According to the CDC fire fighters have a 14 percent higher risk of dying from cancer, than the general U.S. Population. For Dunbar Fire Chief Chris Thornhill it reminds him of when fire fighters were being diagnosed with mesothelioma due to their exposure to asbestos in older buildings.
“This is something we ignore and the time to ignore is over,” said Thornhill. “It’s scary because you don’t know, fighting the fire you can see that in front of you. Ten years after you retire when this cancer becomes a real issue in your life, that’s something you just, you don’t think of but it’s real real scary.”
Newer homes and more specifically what they are made of is the main cause of the problem. Homes are not made out of natural materials anymore and everything from curtains to a couch can let off a toxic gas.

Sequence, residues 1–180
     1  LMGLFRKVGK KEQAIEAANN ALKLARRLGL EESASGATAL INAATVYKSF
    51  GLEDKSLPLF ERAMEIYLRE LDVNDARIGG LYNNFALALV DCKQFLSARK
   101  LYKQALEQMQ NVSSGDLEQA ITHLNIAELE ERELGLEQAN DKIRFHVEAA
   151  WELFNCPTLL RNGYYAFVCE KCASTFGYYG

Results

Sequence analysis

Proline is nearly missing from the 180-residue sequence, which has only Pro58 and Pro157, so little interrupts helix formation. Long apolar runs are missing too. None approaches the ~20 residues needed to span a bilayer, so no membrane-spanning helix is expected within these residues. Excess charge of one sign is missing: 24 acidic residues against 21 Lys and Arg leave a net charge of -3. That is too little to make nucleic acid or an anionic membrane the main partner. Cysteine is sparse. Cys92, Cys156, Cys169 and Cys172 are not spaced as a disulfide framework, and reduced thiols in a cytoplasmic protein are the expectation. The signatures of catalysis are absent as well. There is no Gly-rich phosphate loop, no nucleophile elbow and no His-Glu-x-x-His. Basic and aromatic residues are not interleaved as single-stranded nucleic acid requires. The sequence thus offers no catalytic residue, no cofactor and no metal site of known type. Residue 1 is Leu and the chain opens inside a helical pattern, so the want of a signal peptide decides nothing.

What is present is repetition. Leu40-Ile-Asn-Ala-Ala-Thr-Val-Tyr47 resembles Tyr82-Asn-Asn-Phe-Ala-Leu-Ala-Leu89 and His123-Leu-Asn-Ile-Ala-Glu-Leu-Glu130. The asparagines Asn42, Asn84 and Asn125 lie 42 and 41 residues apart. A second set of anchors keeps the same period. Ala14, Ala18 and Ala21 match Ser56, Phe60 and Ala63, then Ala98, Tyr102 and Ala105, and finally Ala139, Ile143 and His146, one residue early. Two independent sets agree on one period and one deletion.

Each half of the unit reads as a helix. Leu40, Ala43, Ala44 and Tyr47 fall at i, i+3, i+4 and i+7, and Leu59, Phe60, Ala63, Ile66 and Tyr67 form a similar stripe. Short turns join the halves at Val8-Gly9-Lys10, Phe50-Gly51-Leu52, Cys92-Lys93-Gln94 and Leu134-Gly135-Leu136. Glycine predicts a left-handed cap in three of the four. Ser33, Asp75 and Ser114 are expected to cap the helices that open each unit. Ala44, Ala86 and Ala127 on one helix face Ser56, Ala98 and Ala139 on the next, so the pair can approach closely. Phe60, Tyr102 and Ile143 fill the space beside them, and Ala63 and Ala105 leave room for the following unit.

“Lot of that material, it settles onto the gear in a dust form and then when you’re moving around you’re breathing in those particles,” said Thornhill.
In Dunbar Chief Thornhill doesn’t want to wait until the next round of diagnoses, he’s working now to keep the guys at his station safe. Over the past few weeks he’s implemented a decontamination process to keep the toxins that are left after a fire, away from the station and the fire fighter’s homes.
“We’re trying to step up and learn as much as we can and hopefully what we’re doing we’re bringing awareness to the problem,” said Thornhill.
The Department applied for and got a grant recently that will help them get a gear extractor to help clean their uniforms in a more efficient way.